Nan Goldin leads protest against Sackler family bankruptcy settlement – ARTnews.com
On Monday, protesters led by artist Nan Goldin built a symbolic cemetery in the plaza of a Westchester County bankruptcy court to protest a proposed settlement for Purdue Pharma.
For action, protesters brought cardboard headstones with the names of friends and family members whose lives had been taken by the opioid epidemic in the United States, and lined them up in front of the White Plains Federal Courthouse, where the bankruptcy trial is scheduled to begin on Thursday.
Protesters and others decried the proposed settlement because it would protect members of the Sackler family, owners of Purdue, from future civil lawsuits related to opioid-related deaths. (In the past 20 years, there have been over half a million opioid-related deaths.) The proposed deal would also allow members of the Sackler family to settle the thousands of cases against them by paying 4, $ 5 billion of their personal fortune over the next nine years and ceding ownership to Purdue Pharma. The company has also agreed to make millions of documents available.
“[While] this deal is not perfect, we are delivering $ 4.5 billion to opioid ravaged communities on an accelerated schedule and it is removing one of the country’s most dangerous drug traffickers from the opioid trade once and for all ” New York State Attorney General Letitia James said. said in a statement in July.
Since 2018, Nan Goldin, who previously suffered from opioid addiction, and her activist group PAIN (Prescription Addiction Intervention Now) have orchestrated dozens of actions in museums around the world, including the Guggenheim Museum in New York. , the Smithsonian Institution in Washington, DC, and the Harvard Art Museums in Massachusetts, all of which had previously accepted donations from members of the Sackler family, one of the world’s leading artistic philanthropists. Often, the group will stage a “die-in” inside the galleries or on the steps of the museum, lying in the middle of fake prescription bottles.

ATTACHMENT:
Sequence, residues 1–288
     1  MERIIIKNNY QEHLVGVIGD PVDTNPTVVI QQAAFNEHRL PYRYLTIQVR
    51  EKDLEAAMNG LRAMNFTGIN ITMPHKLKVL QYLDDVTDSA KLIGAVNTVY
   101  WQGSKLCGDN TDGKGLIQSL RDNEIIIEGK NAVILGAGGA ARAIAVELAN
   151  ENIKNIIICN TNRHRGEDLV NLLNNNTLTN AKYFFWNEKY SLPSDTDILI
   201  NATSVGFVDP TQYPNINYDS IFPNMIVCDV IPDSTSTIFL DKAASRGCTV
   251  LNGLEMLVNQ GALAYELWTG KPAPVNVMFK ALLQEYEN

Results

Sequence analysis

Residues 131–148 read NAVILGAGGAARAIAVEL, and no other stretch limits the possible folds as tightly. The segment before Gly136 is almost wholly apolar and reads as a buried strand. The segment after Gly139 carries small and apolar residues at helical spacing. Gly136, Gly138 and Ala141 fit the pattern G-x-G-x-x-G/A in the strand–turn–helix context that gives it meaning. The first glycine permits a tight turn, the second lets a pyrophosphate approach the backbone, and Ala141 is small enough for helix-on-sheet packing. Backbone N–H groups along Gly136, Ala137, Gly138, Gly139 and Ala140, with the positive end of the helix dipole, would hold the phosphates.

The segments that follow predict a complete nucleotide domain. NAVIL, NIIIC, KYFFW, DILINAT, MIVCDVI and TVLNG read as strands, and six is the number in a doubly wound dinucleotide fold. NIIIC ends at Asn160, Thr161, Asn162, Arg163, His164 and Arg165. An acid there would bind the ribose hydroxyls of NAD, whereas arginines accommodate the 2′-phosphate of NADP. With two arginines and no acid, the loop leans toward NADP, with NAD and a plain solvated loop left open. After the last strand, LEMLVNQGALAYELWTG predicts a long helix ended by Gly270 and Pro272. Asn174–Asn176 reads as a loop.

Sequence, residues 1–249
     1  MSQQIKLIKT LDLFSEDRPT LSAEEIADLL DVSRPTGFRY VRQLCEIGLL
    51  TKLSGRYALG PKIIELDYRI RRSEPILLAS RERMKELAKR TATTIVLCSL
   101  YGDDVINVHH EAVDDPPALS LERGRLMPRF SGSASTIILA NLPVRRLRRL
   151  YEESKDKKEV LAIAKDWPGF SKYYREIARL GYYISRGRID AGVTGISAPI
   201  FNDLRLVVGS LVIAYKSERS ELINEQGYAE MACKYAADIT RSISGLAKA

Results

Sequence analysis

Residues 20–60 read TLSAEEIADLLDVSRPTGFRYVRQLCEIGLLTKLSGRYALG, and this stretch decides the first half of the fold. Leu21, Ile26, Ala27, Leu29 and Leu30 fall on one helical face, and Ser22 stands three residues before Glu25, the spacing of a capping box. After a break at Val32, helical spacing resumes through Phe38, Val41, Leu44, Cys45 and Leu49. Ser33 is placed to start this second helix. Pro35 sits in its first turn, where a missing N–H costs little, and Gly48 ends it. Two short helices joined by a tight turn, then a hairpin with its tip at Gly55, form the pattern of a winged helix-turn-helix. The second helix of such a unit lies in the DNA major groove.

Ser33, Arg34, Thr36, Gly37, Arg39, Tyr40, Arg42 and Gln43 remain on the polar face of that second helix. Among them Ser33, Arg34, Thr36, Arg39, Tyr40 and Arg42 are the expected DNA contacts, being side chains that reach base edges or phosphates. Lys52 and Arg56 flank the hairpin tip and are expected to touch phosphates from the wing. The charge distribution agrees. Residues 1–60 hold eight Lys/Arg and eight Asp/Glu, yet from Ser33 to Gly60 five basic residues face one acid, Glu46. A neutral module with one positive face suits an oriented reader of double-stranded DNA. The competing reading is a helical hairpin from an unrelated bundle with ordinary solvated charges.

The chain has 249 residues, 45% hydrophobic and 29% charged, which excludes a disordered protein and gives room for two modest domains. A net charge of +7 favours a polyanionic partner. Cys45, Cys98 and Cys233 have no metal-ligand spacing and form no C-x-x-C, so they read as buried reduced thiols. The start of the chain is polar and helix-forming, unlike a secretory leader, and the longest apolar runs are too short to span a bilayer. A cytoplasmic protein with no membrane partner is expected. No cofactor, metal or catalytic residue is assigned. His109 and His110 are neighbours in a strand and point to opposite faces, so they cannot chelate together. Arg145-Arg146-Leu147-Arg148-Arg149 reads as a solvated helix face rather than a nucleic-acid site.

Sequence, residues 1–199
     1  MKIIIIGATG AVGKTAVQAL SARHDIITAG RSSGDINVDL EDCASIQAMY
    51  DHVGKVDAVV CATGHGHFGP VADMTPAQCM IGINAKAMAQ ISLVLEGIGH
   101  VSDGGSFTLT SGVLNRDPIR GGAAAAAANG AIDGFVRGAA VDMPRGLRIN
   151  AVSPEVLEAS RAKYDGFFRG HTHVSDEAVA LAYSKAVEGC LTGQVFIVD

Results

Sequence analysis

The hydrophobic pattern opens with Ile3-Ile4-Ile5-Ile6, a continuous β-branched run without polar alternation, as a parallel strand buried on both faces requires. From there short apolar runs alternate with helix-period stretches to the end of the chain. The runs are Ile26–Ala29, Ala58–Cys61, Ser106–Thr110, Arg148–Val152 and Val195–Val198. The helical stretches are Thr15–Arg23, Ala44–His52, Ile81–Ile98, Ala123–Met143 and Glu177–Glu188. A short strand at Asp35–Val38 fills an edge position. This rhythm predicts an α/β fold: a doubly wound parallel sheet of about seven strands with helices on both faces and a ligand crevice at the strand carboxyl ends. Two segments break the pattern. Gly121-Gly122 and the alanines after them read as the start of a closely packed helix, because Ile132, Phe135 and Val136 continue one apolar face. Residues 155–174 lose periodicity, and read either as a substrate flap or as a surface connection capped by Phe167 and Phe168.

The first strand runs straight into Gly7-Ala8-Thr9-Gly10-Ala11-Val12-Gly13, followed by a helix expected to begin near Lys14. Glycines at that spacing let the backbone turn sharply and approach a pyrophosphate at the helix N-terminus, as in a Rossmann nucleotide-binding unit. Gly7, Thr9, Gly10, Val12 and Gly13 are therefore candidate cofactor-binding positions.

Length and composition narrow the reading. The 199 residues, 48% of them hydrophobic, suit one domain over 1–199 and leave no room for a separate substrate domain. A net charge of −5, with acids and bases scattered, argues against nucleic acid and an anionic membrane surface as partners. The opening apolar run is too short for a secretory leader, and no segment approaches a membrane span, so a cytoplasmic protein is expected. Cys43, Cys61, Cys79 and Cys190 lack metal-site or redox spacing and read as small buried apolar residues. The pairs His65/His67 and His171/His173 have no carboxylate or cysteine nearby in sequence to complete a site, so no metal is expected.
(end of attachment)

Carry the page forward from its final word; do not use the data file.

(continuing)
As a result of these protests, many artistic institutions have since moved away from the Sackler name. Institutions such as the Louvre in Paris and the Serpentine Galleries in London have since removed or emphasized the Sackler name from major galleries, while the Metropolitan Museum of Art in New York and the UK system of museums Tate have said that ‘they would no longer accept family donations.
Previously, more than 20 state attorneys had pushed for a rule amendment that would allow nonprofits to remove the Sackler name from its spaces without fear of legal repercussions. (In some cases, large financial donations have hard stipulations such as naming rights which, if violated, could cause the nonprofit to lose the money donated.) The concession is missing from the plan. proposed bankruptcy restructuring. Instead, members of the Sackler family would be prohibited from applying for or authorizing new naming rights in connection with charitable donations over the next nine years.
Outside the White Plains bankruptcy court, Goldin and other protesters unfurled banners calling the proceedings “morally bankrupt.” As of yet, members of the Sackler family have not been charged with their role in Purdue’s sale of OxyContin and the resulting opioid epidemic.
“As the Sacklers were ousted from museums, they went to seek protection from another institution that has long favored the rich and powerful: the American justice system,” Goldin wrote in an op-ed for the arts journal in 2020. “There they are protected by a flotilla of the most expensive lawyers who have crafted a bankruptcy deal that will grant them immunity from any future liability. Clearly there are two systems of justice: one for billionaires and one for the rest of us.